Another six months are needed to study the environmental impact of introducing Asian oysters to the Chesapeake Bay, state officials said.

Maryland and Virginia natural resource officials announced in June that a draft Environmental Impact Statement covering the risks and benefits of introducing Crassostrea ariakensis oysters into the Chesapeake will not be completed until January 2005.

It was the second time officials delayed the completion date for the full report.

But officials said chapters of the document will be made available to the public as they become final, starting with an assessment of the cultural importance of oysters to the Chesapeake, which was expected in July.

“It is important for the public to understand we are taking the time to ensure that the EIS is as comprehensive as possible, and that all available data has been considered before a decision is made on how and if to proceed,” said Mike Slattery, assistant secretary for forests, parks, fisheries and wildlife for the Maryland Department of Natural Resources.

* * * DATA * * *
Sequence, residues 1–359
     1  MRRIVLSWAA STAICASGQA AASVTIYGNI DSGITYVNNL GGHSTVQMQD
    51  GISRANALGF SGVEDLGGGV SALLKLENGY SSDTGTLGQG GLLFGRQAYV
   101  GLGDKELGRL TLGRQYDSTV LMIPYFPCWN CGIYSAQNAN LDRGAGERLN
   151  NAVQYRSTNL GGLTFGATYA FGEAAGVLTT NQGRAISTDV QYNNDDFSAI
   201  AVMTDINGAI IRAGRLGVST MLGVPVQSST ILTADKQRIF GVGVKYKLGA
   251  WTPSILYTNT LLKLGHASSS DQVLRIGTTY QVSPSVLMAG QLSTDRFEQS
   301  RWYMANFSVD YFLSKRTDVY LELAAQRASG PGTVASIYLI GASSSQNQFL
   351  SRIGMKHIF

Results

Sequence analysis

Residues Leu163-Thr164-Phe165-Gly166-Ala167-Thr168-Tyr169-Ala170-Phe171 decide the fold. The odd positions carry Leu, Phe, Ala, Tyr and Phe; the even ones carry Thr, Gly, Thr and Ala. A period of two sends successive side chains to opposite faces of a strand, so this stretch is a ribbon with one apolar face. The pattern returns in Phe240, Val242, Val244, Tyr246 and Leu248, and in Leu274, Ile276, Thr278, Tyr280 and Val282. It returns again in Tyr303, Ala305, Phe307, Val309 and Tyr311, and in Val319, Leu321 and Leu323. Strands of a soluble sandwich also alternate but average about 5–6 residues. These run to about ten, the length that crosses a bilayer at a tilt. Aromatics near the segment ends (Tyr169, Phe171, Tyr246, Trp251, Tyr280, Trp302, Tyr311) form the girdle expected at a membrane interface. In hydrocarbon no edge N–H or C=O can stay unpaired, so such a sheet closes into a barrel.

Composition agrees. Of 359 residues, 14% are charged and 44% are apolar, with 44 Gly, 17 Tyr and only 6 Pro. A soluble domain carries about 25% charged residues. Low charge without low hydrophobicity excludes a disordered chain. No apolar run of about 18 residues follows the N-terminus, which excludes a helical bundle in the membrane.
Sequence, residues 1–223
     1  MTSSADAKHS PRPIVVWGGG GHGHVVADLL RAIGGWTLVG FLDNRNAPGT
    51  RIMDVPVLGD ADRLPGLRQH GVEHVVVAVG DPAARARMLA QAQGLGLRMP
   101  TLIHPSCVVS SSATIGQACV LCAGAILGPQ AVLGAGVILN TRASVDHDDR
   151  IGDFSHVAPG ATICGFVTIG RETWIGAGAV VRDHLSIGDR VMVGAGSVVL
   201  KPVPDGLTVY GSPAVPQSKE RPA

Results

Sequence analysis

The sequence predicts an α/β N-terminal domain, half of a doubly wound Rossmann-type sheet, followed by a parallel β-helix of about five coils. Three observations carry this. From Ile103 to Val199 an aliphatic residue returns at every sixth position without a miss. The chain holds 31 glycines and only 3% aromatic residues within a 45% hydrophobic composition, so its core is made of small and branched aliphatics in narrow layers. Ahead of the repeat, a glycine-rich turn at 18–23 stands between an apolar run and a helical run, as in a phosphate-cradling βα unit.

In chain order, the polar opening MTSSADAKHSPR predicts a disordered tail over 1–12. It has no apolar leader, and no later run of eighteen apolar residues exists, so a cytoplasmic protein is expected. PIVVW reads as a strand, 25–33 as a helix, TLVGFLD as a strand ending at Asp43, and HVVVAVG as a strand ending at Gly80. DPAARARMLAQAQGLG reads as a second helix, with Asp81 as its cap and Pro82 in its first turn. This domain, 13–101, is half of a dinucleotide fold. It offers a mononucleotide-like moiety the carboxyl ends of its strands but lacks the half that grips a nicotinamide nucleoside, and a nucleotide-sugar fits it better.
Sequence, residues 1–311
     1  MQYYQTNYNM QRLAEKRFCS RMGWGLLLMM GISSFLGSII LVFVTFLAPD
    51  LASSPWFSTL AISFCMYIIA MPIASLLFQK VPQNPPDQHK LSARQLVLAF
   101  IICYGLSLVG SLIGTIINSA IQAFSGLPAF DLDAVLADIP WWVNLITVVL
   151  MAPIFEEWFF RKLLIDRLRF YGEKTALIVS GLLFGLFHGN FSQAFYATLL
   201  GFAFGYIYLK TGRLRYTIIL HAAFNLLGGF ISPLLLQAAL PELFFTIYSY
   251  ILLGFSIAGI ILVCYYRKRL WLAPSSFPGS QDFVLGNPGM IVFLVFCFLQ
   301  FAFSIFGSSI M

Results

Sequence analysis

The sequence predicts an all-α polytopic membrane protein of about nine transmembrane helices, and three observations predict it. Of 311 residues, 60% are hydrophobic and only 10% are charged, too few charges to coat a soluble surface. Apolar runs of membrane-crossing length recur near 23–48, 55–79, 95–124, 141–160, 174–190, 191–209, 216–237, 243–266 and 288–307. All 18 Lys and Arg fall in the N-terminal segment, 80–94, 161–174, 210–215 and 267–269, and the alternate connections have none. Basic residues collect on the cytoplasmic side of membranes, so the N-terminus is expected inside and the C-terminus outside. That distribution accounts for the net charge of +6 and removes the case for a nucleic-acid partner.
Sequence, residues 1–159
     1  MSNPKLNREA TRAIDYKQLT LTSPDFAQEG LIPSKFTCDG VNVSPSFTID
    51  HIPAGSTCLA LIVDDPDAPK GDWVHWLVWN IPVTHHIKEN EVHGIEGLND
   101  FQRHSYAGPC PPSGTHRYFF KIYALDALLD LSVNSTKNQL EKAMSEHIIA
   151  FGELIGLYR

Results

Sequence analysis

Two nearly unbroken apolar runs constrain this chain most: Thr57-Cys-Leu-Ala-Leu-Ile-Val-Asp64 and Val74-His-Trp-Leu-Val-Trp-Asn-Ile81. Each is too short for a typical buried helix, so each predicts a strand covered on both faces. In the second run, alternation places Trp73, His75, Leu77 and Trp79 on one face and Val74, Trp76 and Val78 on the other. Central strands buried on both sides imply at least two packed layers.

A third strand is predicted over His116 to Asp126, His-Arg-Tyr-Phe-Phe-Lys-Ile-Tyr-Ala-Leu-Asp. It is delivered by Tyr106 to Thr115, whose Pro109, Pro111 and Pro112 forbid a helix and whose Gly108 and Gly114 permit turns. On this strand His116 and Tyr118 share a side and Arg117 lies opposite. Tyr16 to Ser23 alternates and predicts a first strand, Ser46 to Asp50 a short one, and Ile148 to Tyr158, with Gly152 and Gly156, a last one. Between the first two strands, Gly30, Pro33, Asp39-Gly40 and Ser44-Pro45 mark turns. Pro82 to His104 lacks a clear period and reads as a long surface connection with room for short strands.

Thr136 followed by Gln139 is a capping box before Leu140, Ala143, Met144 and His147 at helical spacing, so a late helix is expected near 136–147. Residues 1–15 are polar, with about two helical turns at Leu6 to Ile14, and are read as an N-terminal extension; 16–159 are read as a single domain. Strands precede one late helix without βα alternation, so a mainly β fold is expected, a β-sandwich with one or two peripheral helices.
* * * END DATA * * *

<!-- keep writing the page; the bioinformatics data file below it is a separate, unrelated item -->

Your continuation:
One of the main reasons for the delay was to get more information needed for the development of models that would help predict how both the foreign and native species might be expected to fare in the Chesapeake Bay.

The delay will also allow for the inclusion of some research being funded by the National Oceanic and Atmospheric Administration’s Chesapeake Bay Office that will not be completed until fall.

The EIS is examining eight oyster management options, ranging from an outright introduction of breeding C. ariakensis oysters into the Bay to implementing a harvest moratorium on the native species.

The schedule for completing the environmental review has been contentious, though, as states have pushed for an aggressive decision-making timetable while scientists and federal agency officials have said it would take several years of research to adequately predict how the introduction of a foreign species may affect the Bay ecosystem. All of the research funded by NOAA will not be completed until the end of 2007.

The Asian oyster has stirred up huge amounts of interest because studies show that it grows fast and is resistant to diseases that have devastated populations of the native oyster. Advocates also contend that the filter-feeder would help to clean up the Chesapeake Bay.

Others say it’s not clear how the oyster would fare in the Bay, as studies suggest it is more vulnerable to predators than the native species. It’s also unknown how it would interact with the native oyster, as well as other species in the Bay.

Because of a controversy, the Maryland General Assembly this year passed legislation that would prohibit any introduction unless it is approved by a panel of scientists.